This might sound strange at first, but hear me out.
Arsene Wenger – barring a few notable switches to a back three – has by and large played the same formation for the majority of his time at Arsenal.
His 4-2-3-1 is, essentially, a variation on the 4-4-2 of the late 1990s. The Gunners boss has usually employed two nominally defensive midfielders in behind a pacey striker, whose job it is to stretch the play. In the space left in between, a number 10 is supposed to have the space to roam.
That’s more or less been a formula Wenger has stuck to.
He’s had some success, even in recent years, with it. When he’s on form, there are few better playmakers than Mesut Ozil in world football, and having the space to work gives him a great advantage. But as the years roll on, it becomes clear that Wenger is a man out of time.
And whilst the identity of the new Arsenal boss has been the subject of intense speculation, it feels as though people are a little less bothered about second guessing where Wenger is going to end up.
There is some sort of vague acceptance that he’ll take a job in France. Maybe as Paris Saint-Germain’s technical director or some sort of job upstairs. Or else, perhaps, we think he’ll become the manager of the French national team if Didier Deschamps doesn’t survive the World Cup in his current role.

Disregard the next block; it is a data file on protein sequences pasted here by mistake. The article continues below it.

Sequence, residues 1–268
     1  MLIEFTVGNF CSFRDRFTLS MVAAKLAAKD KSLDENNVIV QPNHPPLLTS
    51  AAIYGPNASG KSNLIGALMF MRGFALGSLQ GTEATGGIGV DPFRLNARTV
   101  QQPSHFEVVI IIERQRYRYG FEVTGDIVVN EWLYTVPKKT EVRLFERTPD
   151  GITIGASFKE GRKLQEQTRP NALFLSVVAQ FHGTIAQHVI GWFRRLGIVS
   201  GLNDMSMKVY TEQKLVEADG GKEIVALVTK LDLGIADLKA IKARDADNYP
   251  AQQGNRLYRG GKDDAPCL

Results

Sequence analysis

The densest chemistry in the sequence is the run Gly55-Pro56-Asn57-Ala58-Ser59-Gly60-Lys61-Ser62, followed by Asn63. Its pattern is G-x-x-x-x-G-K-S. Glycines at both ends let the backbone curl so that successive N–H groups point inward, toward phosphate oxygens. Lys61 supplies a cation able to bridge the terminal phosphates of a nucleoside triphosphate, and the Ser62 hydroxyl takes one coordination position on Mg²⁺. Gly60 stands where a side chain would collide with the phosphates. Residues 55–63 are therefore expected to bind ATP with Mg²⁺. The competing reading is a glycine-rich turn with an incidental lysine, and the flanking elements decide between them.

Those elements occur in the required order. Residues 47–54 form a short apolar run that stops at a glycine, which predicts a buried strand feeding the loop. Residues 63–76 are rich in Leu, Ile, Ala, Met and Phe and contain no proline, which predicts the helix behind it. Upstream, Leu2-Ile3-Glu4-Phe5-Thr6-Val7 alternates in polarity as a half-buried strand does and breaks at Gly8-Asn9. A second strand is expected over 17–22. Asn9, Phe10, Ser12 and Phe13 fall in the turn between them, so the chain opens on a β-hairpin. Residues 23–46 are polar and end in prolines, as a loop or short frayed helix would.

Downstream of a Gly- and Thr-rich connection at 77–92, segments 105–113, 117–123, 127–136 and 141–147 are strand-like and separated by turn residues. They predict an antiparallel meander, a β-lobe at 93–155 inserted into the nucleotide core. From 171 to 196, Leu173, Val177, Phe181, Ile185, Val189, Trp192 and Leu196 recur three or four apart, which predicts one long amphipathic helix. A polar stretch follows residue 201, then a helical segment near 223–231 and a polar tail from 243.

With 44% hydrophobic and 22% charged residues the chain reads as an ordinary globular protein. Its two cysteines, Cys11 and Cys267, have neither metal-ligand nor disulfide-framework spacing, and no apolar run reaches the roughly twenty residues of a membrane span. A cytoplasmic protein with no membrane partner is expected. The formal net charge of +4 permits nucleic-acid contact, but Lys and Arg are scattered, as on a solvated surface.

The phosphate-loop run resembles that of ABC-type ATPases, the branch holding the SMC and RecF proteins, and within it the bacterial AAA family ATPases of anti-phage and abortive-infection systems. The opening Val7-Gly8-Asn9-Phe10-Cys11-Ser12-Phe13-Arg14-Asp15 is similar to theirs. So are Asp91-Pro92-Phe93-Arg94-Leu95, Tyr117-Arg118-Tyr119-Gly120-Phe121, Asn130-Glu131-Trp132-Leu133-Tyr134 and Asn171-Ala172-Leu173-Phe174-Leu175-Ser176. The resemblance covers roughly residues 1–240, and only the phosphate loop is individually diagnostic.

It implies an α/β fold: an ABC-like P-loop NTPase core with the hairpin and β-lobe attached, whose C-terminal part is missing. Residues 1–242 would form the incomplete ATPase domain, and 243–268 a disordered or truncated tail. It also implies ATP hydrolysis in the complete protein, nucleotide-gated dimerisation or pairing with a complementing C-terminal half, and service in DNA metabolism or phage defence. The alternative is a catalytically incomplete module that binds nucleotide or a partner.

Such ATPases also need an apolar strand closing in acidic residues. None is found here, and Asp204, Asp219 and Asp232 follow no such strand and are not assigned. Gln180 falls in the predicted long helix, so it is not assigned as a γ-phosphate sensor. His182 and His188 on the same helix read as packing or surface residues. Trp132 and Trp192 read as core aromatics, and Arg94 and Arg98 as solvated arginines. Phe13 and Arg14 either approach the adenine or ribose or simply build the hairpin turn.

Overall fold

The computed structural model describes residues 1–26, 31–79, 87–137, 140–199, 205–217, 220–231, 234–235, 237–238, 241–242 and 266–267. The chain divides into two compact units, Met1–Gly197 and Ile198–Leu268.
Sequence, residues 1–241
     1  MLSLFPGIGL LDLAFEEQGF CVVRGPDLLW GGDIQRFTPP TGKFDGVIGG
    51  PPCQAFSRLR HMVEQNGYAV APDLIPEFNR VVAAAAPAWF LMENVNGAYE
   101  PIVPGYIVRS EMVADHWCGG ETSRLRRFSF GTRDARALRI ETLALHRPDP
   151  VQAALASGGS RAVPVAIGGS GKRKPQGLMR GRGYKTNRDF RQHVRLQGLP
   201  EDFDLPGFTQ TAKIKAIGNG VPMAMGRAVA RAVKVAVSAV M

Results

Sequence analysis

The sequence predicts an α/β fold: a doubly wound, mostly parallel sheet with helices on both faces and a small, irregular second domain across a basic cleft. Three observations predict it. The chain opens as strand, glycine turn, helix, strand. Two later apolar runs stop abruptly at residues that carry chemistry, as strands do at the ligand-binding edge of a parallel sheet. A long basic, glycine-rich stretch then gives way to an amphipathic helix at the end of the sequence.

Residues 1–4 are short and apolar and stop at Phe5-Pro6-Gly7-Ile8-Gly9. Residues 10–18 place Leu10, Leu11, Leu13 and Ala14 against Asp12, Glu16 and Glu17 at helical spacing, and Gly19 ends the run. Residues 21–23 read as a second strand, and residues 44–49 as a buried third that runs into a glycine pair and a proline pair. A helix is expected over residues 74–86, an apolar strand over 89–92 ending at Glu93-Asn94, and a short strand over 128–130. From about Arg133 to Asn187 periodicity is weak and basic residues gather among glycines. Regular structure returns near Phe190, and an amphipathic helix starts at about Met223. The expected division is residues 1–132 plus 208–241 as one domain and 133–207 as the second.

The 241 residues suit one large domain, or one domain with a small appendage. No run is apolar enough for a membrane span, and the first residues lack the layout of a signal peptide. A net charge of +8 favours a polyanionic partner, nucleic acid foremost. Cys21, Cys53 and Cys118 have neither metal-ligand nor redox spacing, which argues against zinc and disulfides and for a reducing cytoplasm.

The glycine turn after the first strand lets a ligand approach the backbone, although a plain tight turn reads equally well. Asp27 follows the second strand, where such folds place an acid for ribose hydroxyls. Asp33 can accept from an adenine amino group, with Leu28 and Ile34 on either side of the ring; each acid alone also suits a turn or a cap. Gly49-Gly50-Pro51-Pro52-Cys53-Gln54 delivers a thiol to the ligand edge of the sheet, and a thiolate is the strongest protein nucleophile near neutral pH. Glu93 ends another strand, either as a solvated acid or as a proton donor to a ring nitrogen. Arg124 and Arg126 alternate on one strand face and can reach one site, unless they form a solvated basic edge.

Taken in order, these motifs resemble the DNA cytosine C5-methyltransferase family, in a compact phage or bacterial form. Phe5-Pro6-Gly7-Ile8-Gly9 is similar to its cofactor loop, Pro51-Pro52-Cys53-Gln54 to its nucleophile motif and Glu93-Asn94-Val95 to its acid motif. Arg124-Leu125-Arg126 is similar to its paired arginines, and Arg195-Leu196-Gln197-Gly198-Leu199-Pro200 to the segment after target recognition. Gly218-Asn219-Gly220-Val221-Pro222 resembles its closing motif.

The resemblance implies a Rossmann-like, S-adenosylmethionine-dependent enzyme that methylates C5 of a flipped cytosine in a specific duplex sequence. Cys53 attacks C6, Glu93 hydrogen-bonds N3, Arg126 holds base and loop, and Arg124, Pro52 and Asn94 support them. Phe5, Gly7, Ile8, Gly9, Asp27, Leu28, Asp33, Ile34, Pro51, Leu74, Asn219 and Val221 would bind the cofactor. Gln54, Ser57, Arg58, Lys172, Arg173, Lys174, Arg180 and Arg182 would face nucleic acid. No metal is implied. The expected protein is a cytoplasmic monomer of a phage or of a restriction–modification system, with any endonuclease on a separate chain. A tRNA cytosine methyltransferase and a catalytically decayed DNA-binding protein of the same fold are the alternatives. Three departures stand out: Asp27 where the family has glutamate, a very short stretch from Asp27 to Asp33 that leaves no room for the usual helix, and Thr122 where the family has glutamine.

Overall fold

Few are speculating about another club job Wenger might take.
Perhaps that’s because no club immediately stands out, or maybe it’s because we simply can’t imagine a man who’s name is (almost literally) synonymous with Arsenal on the bench of another club. But it could also be because we implicitly think that Wenger is simply done as a top level club manager.
The game has certainly moved on, even if Wenger hasn’t. The soon-to-be-departing Arsenal boss has talked about how hard he works for the club and how much time he gives to his job. I don’t doubt for a second that he has given his best years to Arsenal Football Club, I am certain of his sincerity and his selflessness and I admire his sacrifice to a cause he seems to see as greater than himself.
But looking at the modern world, where football managers like Pep Guardiola and Antonio Conte meticulously and obsessively pick over the opposition’s tactics, the system they’re going to get their own team to play, and even the exact blade of grass upon which each player should stand when attacking from the left wing with an overlapping full-back making a 3v2 situation. It’s simply astonishing the detail that goes into football management these days.
It’s not new to say that Wenger has been overtaken by the others. It’s not adding anything to the debate by pointing it out. But when Wenger comes to take another job, no clubs jump out as an immediate destination. Sadly, that’s not because people don’t think he’ll work hard enough.